A few weeks ago, before the end of term came and went, we had a (temporary!) new addition to our team in the form of Ellie, who was with us for a week of work experience. From a high school with which we’ve done lots of work in the past, Ellie was a brilliant asset during the five days she spent with us, the most keen and interested young person to visit us for ages!
It was a real pleasure to have her in the office and we asked her to write a recap of her time with us, to let us know what she thought of life in the ELS office. Read her thoughts below…
I recently spent a week working with the ELS at Norfolk’s County Hall for my work experience, and I couldn’t recommend it more. It was fascinating looking behind the scenes at what once was the School Library Service and how the books are shared between the schools in the county. The team are so focused on sharing the power of books and enlightening youngsters is only one of the many things they achieve. They hand pick books for the children to chose from, making sure they receive a selection so diverse that everyone will find something they enjoy.
I didn’t just work with the ELS; I helped the dutiful team that equips and manages each Library van as well as the team who delivers books to each of Norfolk’s 47 libraries. These jobs are so vital yet they receive the least amount of credit.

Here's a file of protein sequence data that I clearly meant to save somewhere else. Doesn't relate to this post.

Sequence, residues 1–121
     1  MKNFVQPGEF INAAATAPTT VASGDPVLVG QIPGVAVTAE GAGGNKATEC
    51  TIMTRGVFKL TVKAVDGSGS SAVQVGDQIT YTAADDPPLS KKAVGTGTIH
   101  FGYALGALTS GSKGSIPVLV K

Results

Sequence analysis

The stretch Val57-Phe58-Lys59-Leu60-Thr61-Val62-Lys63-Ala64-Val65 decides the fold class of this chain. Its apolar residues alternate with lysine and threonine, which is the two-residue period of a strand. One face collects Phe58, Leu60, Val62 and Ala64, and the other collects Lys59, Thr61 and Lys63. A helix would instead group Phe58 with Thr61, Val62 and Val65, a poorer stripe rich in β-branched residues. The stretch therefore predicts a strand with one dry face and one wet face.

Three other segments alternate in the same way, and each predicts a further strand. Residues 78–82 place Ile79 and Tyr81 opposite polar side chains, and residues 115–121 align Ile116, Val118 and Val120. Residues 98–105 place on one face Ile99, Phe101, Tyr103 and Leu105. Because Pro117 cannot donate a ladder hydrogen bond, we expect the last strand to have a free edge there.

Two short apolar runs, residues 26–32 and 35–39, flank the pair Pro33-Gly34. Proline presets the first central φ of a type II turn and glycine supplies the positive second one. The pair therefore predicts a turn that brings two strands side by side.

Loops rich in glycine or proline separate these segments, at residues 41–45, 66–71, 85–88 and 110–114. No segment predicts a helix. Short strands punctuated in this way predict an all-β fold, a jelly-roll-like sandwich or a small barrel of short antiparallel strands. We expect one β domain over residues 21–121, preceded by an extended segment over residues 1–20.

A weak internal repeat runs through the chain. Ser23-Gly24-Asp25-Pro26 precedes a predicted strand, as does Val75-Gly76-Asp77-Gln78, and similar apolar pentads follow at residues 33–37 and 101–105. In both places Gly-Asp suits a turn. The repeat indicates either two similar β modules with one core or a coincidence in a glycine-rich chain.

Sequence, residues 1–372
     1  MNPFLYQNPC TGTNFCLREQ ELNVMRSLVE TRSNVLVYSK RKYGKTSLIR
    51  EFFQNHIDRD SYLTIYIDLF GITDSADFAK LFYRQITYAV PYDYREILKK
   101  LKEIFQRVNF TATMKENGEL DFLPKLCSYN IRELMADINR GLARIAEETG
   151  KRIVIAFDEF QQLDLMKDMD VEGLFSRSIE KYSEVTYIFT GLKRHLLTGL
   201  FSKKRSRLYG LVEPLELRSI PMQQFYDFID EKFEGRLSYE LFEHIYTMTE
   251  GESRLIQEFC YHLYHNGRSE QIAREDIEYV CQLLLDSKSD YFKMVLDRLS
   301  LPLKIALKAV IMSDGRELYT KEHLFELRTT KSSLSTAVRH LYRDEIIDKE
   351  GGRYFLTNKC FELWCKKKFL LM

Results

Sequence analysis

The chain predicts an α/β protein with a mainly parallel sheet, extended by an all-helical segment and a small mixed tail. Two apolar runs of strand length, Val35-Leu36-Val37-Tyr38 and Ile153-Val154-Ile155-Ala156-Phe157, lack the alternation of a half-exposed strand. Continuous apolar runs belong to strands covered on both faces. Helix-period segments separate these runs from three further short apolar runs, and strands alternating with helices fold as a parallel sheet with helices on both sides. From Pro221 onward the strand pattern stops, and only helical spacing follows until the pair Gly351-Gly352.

I spent one of my days working at the Millennium library where I shadowed Apryl in her Community Librarian role. She showed me book ordering and how they select titles to buy. We also put up posters around the library advertising the different activities they’ll have on offer over the summer for the Summer Reading Challenge.
I had such an amazing and insightful week working at County Hall and at the Millennium Library and must be down to the wonderful staff who took me under their wing, so a big thank you to them!!
You’re welcome back any time, Ellie!
Now, you can find our team’s Friday Reads– along with Ellie’s- below and as always, for more reviews, visit our archive.
Apryl: The Big Bad Mood by Tom Jamieson, illustrated by Olga Demidova
As someone who is often very grumpy, this picture book appealed to me as soon as I saw it lingering on a trolley in our office.
A small red-headed boy called George is having one of those days (I can relate, George). When his mum declares that a big bad mood is hanging around him, he is confused- where? He can’t see anything, no matter how hard he searches and this just makes him EVEN MOODIER. After some angry foot-stomping and shouting, the big bad mood appears and asks George to help him in his mischievous quest to make EVERYONE feel big, bad and moody. Though their adventures look fun, George comes to realise that behaving this way all the time has consequences for everyone- not just himself.
This book would be great for discussing emotions and how to manage them- for adults and children alike!
(Bloomsbury, £6.99 paperback, ISBN 9781408839201, find it at a Norfolk Library)
Ellie: Carry On by Rainbow Rowell